Department of Home Affairs on its 2015/16 Annual Report, with Minister

NCOP Health and Social Services

21 February 2017
Chairperson: Ms L Dlamini (Mpumalanga)(ANC)
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Meeting Summary

Annual Reports 2015/16 

The Minister of Home Affairs focused on the need to reposition the Department, especially in respect of security and the contribution the Department could make to the economy of the country. The Department faced enormous constraints, especially in respect of funding, mainly because it is viewed as a department that issues documents. This had an impact on the ability to support rural communities and townships, and drew money out of townships because people had to go into town to access the Department’s services and then spent their money in the urban areas. 411 offices and 750 immigration officials are simply too few to serve the needs of the people. The partnership with banks has been working well and could increase the number of offices to 811 but the Department does not have the funds to employ staff in this number of branches. Effective border management was a critical issue.
Despite these challenges the Department had performed well, achieving 81% of targets set.

The Department of Home Affairs cited extensive reasons for the improvement but said that much of it stemmed from setting (specific, measurable, attainable, realistic and time-based targets which were required to be funded and evidence-based. The issuing of Smart ID cards is progressing well and the Department has had success in registering babies within 31 days from birth. Highlights include the Enhanced Movement Control System with biometric capabilities installed at four international airports. Lack of capacity is a major challenge but the Department has a plan in respect of self-funding which would address some of the financial constraints.

The Department received a Qualified Auditor’s Report in 2015/16 but with issues related to accruals and payables not recognised.  The Department will be transferring money to the Department for International Relations and Cooperation for the payment of staff overseas and this will resolve some of the financial concerns, as will the decision not to fine foreign over stayers and collect repatriation deposits.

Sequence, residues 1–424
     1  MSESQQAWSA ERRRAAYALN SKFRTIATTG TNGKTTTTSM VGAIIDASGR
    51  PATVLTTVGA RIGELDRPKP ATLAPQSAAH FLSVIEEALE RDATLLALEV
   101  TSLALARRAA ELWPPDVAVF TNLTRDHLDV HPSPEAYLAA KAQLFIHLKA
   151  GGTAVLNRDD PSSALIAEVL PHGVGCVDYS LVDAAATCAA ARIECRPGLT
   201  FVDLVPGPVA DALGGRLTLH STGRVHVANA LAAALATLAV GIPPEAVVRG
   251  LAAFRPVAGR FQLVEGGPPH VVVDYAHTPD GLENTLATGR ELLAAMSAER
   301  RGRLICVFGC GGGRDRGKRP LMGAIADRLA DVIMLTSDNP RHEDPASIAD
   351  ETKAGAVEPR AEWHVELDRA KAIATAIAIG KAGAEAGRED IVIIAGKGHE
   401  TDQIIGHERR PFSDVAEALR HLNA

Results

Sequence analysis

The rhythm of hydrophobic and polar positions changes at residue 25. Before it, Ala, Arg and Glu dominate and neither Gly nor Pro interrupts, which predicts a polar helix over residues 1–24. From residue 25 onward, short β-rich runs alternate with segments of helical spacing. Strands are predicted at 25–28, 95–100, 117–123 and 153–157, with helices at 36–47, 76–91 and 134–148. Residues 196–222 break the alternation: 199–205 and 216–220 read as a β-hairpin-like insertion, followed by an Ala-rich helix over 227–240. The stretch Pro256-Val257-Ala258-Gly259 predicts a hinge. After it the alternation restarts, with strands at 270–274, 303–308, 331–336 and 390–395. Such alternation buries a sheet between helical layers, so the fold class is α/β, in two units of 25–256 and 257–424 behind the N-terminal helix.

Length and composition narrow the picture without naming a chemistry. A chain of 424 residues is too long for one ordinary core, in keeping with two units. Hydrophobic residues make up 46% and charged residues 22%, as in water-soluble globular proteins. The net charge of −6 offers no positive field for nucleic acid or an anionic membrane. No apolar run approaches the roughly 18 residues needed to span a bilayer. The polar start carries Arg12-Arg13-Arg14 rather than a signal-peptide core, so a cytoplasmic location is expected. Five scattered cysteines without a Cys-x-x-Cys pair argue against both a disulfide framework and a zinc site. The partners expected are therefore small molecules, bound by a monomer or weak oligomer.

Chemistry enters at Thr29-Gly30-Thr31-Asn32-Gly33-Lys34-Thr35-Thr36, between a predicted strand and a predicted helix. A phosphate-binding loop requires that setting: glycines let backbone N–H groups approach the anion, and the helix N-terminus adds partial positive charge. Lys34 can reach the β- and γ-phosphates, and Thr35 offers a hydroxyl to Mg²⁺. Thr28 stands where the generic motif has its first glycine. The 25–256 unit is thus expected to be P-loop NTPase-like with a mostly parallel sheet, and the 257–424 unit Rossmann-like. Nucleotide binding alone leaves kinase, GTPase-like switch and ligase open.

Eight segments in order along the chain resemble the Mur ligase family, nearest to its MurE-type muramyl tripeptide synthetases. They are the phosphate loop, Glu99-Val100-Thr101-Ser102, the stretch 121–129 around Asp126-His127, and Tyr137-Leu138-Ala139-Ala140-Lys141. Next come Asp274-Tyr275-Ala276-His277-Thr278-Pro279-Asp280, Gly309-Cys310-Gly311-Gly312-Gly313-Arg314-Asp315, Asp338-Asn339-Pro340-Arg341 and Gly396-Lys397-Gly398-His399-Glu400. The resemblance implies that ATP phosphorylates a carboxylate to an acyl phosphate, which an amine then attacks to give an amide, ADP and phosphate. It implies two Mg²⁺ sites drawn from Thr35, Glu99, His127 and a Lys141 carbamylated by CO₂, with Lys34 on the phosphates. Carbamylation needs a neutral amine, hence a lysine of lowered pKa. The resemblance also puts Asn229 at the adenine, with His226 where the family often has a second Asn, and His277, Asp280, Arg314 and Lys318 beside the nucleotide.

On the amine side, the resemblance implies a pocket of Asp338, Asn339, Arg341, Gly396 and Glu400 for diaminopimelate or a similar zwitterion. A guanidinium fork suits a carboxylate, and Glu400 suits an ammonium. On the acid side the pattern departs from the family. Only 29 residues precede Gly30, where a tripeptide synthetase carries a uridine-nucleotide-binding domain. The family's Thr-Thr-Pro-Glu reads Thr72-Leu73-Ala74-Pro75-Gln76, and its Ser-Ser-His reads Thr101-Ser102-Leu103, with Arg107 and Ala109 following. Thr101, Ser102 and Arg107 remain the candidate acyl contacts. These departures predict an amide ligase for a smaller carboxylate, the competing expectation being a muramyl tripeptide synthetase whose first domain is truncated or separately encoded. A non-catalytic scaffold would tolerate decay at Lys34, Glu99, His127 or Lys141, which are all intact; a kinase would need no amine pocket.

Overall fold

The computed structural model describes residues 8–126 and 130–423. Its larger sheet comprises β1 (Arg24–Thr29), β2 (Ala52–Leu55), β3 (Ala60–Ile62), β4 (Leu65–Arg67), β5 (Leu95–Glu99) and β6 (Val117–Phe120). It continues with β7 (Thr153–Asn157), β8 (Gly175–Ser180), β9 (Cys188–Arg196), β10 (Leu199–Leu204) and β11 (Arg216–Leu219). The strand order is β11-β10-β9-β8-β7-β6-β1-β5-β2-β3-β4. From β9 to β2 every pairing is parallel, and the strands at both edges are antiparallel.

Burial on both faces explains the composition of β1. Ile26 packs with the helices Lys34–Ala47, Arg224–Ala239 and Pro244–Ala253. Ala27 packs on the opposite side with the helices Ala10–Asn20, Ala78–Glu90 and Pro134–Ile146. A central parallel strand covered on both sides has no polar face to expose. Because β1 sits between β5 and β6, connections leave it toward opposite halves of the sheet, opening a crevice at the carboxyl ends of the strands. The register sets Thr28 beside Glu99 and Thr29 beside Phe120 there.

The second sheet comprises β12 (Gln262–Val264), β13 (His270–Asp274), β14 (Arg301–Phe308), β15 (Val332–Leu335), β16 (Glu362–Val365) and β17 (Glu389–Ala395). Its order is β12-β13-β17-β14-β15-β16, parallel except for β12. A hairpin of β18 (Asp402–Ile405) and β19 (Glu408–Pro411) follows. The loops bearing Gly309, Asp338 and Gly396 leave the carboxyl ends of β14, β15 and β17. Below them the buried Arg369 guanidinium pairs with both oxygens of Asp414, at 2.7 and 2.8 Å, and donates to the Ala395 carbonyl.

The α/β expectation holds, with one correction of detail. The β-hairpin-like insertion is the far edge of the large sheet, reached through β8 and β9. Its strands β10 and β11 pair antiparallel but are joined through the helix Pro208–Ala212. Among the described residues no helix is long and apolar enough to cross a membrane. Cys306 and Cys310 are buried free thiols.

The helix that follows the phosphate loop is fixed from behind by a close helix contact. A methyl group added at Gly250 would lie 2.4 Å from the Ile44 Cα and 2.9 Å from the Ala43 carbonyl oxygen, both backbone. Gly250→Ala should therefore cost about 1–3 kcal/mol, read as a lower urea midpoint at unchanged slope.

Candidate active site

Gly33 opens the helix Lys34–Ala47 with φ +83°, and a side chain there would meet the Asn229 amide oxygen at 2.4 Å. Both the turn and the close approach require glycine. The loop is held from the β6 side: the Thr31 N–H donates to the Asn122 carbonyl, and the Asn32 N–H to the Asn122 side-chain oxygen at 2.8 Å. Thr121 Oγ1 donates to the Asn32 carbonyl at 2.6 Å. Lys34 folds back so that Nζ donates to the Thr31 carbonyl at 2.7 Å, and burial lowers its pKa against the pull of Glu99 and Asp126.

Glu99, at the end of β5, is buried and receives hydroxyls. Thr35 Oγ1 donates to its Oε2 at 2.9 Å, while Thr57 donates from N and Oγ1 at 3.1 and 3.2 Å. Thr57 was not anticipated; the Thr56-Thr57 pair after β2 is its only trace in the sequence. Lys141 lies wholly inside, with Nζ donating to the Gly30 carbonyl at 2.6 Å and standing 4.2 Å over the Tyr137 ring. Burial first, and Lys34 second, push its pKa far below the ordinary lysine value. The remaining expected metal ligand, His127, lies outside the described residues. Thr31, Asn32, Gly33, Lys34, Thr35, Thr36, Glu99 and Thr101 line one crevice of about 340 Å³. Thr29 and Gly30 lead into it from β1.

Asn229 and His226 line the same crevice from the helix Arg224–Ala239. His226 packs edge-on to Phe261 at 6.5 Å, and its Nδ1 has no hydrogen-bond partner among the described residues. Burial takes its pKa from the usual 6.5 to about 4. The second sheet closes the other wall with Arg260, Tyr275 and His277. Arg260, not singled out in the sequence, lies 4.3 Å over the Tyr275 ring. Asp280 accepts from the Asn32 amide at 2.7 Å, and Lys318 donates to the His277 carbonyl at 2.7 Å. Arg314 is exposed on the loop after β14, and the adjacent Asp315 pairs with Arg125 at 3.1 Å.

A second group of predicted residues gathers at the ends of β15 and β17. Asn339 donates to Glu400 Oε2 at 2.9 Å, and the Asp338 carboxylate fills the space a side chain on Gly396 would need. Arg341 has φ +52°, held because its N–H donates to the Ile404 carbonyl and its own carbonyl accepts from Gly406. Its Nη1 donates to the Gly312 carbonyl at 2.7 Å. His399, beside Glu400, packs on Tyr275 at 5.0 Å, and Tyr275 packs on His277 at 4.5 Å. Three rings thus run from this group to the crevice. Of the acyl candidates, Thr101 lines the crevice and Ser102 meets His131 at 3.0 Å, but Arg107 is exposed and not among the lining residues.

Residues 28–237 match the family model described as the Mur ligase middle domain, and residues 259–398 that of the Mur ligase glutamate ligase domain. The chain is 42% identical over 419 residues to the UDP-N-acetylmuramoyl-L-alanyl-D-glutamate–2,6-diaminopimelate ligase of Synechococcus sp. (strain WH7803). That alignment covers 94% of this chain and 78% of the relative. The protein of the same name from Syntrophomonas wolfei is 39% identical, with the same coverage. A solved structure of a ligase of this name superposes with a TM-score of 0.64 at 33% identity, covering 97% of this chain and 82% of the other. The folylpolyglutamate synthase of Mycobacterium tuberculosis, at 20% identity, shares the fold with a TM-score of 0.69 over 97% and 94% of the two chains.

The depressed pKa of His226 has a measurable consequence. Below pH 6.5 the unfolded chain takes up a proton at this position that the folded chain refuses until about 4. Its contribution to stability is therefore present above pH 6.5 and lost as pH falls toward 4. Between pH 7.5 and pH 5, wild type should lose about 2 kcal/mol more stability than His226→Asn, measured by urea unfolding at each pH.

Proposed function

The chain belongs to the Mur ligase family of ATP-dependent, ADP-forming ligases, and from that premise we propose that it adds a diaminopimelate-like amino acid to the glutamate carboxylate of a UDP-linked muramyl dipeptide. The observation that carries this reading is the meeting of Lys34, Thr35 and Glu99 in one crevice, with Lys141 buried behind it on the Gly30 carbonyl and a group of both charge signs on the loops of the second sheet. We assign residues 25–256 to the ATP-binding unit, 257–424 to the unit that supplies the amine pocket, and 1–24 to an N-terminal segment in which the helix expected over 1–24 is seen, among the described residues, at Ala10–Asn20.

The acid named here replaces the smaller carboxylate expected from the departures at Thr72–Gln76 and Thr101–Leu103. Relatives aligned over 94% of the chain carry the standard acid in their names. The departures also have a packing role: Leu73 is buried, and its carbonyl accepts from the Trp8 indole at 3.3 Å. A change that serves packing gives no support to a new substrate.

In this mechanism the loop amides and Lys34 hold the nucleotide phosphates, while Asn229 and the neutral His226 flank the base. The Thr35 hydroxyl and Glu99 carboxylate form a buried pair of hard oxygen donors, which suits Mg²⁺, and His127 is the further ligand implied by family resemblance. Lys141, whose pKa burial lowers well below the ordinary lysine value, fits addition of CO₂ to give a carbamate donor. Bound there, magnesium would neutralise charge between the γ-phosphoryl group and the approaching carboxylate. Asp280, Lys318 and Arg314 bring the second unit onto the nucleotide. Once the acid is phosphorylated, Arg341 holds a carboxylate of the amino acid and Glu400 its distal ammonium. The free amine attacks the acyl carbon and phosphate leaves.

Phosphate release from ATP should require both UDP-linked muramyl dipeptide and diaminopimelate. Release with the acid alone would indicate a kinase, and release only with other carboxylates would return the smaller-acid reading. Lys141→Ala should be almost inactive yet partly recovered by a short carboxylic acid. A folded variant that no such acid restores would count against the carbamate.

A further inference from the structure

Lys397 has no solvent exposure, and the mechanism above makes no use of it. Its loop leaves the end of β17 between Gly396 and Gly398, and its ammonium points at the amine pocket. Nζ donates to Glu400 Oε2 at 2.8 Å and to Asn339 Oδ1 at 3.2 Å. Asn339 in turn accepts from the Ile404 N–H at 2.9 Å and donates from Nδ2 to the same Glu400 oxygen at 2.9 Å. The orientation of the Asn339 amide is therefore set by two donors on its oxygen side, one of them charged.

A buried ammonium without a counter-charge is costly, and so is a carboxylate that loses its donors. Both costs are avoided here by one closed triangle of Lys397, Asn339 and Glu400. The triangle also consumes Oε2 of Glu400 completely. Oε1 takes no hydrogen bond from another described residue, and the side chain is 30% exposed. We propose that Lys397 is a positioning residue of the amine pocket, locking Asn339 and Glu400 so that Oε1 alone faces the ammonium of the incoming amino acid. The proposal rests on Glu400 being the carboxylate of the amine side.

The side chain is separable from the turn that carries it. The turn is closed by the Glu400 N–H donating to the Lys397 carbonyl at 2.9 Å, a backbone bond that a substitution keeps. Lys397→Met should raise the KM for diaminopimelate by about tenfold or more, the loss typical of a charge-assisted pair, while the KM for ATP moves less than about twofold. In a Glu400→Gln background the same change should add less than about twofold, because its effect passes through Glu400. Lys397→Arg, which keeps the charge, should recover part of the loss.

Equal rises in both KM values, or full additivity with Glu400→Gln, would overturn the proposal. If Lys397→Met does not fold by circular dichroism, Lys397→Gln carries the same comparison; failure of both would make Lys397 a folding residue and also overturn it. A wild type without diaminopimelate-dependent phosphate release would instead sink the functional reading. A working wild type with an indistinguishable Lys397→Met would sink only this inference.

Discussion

Committee Members all agreed that they were impressed by the work done by Department and the innovative way in which it was approaching its mandate. Questions related mostly to specific issues that Members had experienced in their official visits and contact with the people in their provinces.  A Member and the Minister clashed over attitudes related to the issue of the visa imposed on visitors from New Zealand and the objection to a private company being allowed to operate its own port of entry.  The Minister responded to most of the questions and agreed to provide responses to specific issues, and those requiring statistics, in writing. He indicated that the Border Management Agency was under discussion in the coming week but that Department would present the full scenario to the Committee at a later date. Cabinet had agreed that the Department would become a member of the Security Cluster and he spoke about the responsibility the Department has in respect of keeping South Africans and the economy of the region safe from terror attacks. The Department also made significant progress in charging officials who had been, or were suspected of, involvement in corruption.

Meeting report

Opening remarks
The Chairperson welcomed the Minister of Home Affairs, Mr Malusi Gigaba, and officials from the Department of Home Affairs (DHA). She had attended the official opening of the Desmond Tutu Refugee Reception Centre or offices and was very impressed with the innovation of the Department.

She congratulated the Minister, it would be good if such offices were at the ports of entry so that problems could be resolved before people get deep into the country. She complimented the DHA on the innovative work and wished that other departments would do similar, especially those departments for which the Committee is responsible, in particular the Department of Health (DOH) and the Department of Social Development (DSD), but also the Department of Water Affairs and Sanitation as well as the Department of Human Settlements.  Most of the problems they faced could be resolved because the systems are there and it is just a question of customising them. The Technology Centres should be put to good use to control people coming in and out of the country. The system is paperless and uses technology which will eliminate corruption. Once the technology is implemented, all that will be left is to implement the Border Management Bill, which is imminent.  The Committee is proud of the DHA, and Oliver Tambo would agree.  The Committee wanted to know how far the Department has gone as far as implementation, about the challenges that the Minister has experienced, and whether the Committee could assist the Department in any way.